A term used to describe a significant price increase of a cryptocurrency.


A fully developed and deployed version of a blockchain where all transactions are publicly broadcast on a digital ledger.


A computer that keeps a full copy of the blockchain in real time and is always up and running to perform tasks for the network. 


A type of cryptocurrency that originated from an internet meme or some other humorous characteristic, often meme coins have no serious purpose or use case.



Any computer that connects to and works for a blockchain network. Nodes are essential for blockchain networks to function.

Non-Fungible Token

A type of digital token on a blockchain that usually represents a piece of art, music or video game items. 


A term used to describe someone who holds no cryptocurrency in their investment portfolio.

Network Fee

A fee that is paid to miners or validators to process transactions on a blockchain network.


Non-custodial means the keys to a wallet are held by the wallet owner and not an exchange or other entity.

NFA (Not Financial Advice)

Commonly used term within cryptocurrency, meaning the person sharing information is not responsible for what happens based on their advice.

NGMI (Not Gonna Make It)

A term used to mock individuals in the cryptocurrency space.


A random number that can only be used in cryptographic communication, when miners validate a transaction, a nonce is created in the block as an authentication tool.



Entities that connect blockchain systems to external systems. Oracles enable smart contracts to execute based on inputs from the outside world.

Open Source

The source code of a project or software is made freely available and may be redistributed and modified.

Order Book

A list of buy and sell orders on an exchange for a specific cryptocurrency.

Over-the-counter (OTC)

Trading is done directly between two parties, without the use of an exchange.


Anything that happens off the blockchain is off-chain. Data such as sports and weather that is external to a blockchain as blockchains are isolated systems.


In a condition where a cryptocurrency has been sold off for an extended period, this asset value is perceived to be below its fair value.


Private Key

A secure alphanumeric code that enables a user to access their cryptocurrency wallet.

Public Key

A cryptographic code that allows users to receive cryptocurrencies into their wallet.


A consensus mechanism that requires miners of a cryptocurrency network to solve complex mathematical problems to validate cryptocurrency transactions.  


A consensus mechanism that requires token holders to stake their tokens, making them a validator, the token holder with their staked tokens then validates blocks for the network.


A consensus mechanism that encodes time onto the blockchain and hashes incoming events and transactions, this unique hash acts as a function of time enabling each block or transaction to be ordered correctly.  


Two people interact directly without the need for a third party or intermediary.

Pump and Dump

A form of market manipulation in which an asset is artificially inflated or pumped to a high price and then sold off by the manipulators causing a dump.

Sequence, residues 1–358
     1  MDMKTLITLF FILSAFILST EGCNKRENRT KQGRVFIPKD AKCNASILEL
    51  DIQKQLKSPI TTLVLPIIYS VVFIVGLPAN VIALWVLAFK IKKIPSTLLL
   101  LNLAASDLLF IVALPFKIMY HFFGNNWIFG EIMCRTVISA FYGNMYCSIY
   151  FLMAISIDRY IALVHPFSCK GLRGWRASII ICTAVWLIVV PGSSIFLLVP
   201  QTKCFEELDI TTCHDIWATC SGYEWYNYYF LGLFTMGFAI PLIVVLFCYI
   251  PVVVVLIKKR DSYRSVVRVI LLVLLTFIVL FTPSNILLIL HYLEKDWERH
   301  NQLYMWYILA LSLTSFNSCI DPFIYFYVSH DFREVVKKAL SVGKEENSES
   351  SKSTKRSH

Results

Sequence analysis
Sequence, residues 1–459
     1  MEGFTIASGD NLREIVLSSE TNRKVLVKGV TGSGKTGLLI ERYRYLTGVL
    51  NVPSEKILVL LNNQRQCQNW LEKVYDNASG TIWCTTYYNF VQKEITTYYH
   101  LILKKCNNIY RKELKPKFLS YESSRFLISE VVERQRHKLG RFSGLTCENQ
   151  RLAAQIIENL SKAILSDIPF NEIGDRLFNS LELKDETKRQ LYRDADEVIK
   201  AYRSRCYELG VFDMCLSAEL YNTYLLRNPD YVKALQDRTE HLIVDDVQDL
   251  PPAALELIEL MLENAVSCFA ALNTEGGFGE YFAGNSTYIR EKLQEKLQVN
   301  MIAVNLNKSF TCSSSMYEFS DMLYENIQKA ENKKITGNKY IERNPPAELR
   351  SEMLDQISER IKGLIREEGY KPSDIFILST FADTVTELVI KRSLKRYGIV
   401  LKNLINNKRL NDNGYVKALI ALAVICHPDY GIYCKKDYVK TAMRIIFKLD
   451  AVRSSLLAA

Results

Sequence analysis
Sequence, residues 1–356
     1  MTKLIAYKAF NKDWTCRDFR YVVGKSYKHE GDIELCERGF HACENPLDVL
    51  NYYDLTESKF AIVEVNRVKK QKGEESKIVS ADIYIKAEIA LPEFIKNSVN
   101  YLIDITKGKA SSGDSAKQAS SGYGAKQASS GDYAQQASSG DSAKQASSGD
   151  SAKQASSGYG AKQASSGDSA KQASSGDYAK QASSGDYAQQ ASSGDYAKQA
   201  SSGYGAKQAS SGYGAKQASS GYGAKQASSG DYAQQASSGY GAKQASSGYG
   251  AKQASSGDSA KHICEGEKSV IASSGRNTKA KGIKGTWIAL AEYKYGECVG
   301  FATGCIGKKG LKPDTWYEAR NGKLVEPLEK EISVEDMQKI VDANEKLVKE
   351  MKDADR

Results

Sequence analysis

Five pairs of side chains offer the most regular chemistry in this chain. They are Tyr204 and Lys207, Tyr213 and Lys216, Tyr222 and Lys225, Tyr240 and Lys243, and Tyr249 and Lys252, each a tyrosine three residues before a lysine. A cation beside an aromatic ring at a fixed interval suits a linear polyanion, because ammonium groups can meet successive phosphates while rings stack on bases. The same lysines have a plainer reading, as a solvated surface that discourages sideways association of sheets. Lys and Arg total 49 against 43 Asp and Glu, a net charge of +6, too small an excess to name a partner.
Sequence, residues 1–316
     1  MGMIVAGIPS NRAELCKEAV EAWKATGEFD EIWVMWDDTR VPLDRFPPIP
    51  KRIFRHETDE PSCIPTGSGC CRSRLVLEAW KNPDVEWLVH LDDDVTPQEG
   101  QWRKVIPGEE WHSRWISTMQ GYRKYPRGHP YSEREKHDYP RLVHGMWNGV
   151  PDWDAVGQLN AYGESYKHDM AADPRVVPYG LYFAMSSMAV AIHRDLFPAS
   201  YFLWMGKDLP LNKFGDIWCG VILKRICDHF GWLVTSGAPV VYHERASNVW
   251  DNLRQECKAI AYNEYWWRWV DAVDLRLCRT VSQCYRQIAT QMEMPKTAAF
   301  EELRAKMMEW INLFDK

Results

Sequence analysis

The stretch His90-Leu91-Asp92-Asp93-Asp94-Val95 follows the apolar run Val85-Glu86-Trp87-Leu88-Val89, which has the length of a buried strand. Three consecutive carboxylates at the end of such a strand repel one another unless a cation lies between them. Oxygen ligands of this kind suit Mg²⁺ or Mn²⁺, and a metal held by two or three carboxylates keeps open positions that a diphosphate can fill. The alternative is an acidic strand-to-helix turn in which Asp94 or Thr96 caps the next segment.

A range of investments held by a person or organisation.


A set of rules that define interactions on a network, typically involving the consensus mechanism, transaction validation and network participation on the blockchain.

Privacy Coins

Just like any other cryptocurrencies, privacy coins preserve the anonymity of the users, making it difficult for anyone to know who is conducting a transaction.

Paper Hands

Refers to someone who exits positions early due to worries surrounding that investment.

Ponzi Scheme 

Where investors are lured in with the belief of the success of a protocol that does not exist, they generate returns for early investors with the returns from later investors. 


QR Code

A type of barcode representing data in a square grid can be used for storing wallet addresses, users can scan a QR code instead of entering the long wallet code.



A term used for getting wrecked when trading, typically when a big loss occurs.

ROI (Return on Investment)

A measure used to evaluate the efficiency of an investment compared to other investments, the greater the ROI the better the investment.

Rug Pull

A type of scam where cryptocurrency developers abandon a project and run away with all the project's funds.


The rules and laws governing cryptocurrency use. They vary from country to country.

Recovery Phrase 

A series of 12 to 24 words generated by your cryptocurrency wallet that grant access to the cryptocurrency stored within.


A summary specifying a project's direction and plans.



The U.S. Securities and Exchange Commission.


The smallest denomination of a unit of Bitcoin, named after its creator Satoshi Nakamoto, one satoshi equals one hundred millionth of a Bitcoin.

Smart Contract

A self-executing contract with the terms of the agreement directly written into lines of code.


Staking involves locking up tokens to support the operations of a blockchain network and receiving a regular percentage of rewards for doing so.